When your credit card issuer declines a transaction, the declination prevents you from making a purchase. When a card issuer dishonors a credit card transaction, it means the card issuer refuses to honor a previously approved transaction. Credit card issuers can decline and dishonor credit card transactions for a variety of different reasons.
Credit Card Authorization
When you attempt to make a purchase with your credit card you swipe your card through a point-of-sale machine, and the credit card issuer either declines the transaction or grants a preliminary approval. If the transaction is declined, you cannot make the purchase on that card. However, when the card issuer approves a transaction, it can still dishonor it, if a valid reason exists, when the merchant's bank contacts the card issuer for payment. Even if the card issuer approves the transaction and pays the vendor the amount due, federal law enables the card issuer to dishonor the transaction at a later date and demand a full refund from the vendor.
When you obtain a credit card, the card the issuer establishes a line limit on your account. Typically, if you attempt to make purchases that would exceed the limit, your card issuer declines the transaction on the spot. However, you do have the option to give your card issuer discretion to approve over-limit transactions. Your card issuer can then assess each over-limit transaction on a case-by-case basis and either approve or decline transactions regardless of your limit. When over-limit transactions are approved, your card issuer can charge you over-limit penalty fees. Credit card issuers sometimes decline transactions that occur overseas, even if they are not over-limit, if you did not notify the card issuer of your travel plans.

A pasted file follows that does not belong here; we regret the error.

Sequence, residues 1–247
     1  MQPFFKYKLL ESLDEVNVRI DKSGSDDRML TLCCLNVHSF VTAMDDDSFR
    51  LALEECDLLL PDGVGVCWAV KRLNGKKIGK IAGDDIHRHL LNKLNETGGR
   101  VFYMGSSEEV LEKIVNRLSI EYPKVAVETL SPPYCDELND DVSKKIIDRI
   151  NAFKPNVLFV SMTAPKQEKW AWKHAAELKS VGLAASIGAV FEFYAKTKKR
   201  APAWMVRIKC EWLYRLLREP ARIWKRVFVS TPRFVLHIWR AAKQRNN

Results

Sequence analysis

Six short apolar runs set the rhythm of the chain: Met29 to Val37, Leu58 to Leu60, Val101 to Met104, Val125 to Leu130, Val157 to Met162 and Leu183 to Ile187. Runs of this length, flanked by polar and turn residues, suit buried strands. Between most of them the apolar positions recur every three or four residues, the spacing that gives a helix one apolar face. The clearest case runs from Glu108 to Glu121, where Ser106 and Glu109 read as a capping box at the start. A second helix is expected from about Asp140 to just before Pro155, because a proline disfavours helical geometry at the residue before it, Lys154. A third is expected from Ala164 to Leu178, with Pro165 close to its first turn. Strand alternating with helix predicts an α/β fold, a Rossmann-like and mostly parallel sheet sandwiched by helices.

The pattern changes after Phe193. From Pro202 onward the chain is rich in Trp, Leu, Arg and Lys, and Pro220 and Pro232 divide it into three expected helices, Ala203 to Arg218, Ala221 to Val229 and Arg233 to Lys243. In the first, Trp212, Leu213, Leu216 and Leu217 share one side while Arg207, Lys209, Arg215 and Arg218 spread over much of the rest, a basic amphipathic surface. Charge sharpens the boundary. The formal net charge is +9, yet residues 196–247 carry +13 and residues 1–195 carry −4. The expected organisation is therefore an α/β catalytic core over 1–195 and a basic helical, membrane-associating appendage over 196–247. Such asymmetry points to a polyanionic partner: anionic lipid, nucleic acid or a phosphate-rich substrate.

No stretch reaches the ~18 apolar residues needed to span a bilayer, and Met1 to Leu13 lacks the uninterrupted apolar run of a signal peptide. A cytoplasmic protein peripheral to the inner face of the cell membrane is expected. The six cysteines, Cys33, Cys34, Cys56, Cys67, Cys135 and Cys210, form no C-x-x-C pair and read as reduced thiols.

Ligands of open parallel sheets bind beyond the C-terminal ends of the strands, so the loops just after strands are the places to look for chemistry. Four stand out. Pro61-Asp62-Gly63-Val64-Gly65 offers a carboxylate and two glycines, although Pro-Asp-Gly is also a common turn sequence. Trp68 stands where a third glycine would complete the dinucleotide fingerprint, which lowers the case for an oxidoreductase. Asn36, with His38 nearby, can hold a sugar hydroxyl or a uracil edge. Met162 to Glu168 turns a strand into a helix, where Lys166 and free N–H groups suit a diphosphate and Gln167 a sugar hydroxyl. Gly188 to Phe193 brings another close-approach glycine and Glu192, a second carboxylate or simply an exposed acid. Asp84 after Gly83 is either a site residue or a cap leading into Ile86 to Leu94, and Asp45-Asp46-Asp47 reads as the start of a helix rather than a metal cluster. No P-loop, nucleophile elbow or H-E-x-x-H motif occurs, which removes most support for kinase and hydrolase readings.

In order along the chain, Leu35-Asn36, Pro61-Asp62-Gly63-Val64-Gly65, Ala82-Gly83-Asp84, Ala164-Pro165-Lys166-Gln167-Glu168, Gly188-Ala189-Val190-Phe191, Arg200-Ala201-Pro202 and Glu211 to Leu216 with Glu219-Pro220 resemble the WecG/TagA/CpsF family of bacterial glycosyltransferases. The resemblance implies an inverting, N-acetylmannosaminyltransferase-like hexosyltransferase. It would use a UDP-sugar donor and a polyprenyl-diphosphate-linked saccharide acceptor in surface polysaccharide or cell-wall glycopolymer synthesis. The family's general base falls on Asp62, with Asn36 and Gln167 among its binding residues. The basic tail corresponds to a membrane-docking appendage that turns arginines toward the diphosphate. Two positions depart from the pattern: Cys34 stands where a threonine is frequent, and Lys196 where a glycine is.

Under federal law you have the right to dispute charges on your credit card statement you believe to be fraudulent or erroneous by writing a letter to your card issuer within 60 days of the charge appearing on your statement. Contestable billing errors include instances when merchants process a transaction for the wrong amount or bill you for goods or services you never received. In some instances you can contest charges in excess of $50 that were processed by merchants within 100 miles of your home for up to one year after the transaction date. If your card issuer determines your claims are valid, then the card issuer dishonors the payment and recoups the money from the merchant.
Due to the possibility of credit card payments being dishonored as a result of fraud or billing errors, some merchants are reluctant to accept card payments. Many merchants will also refuse to accept card payments from customers who have previously had dishonored payments. However, although credit card declinations sometimes cause embarrassment to the card holder, business owners suffer no financial loss as a result of a payment being declined because declinations prevent the card holder from making the purchase.
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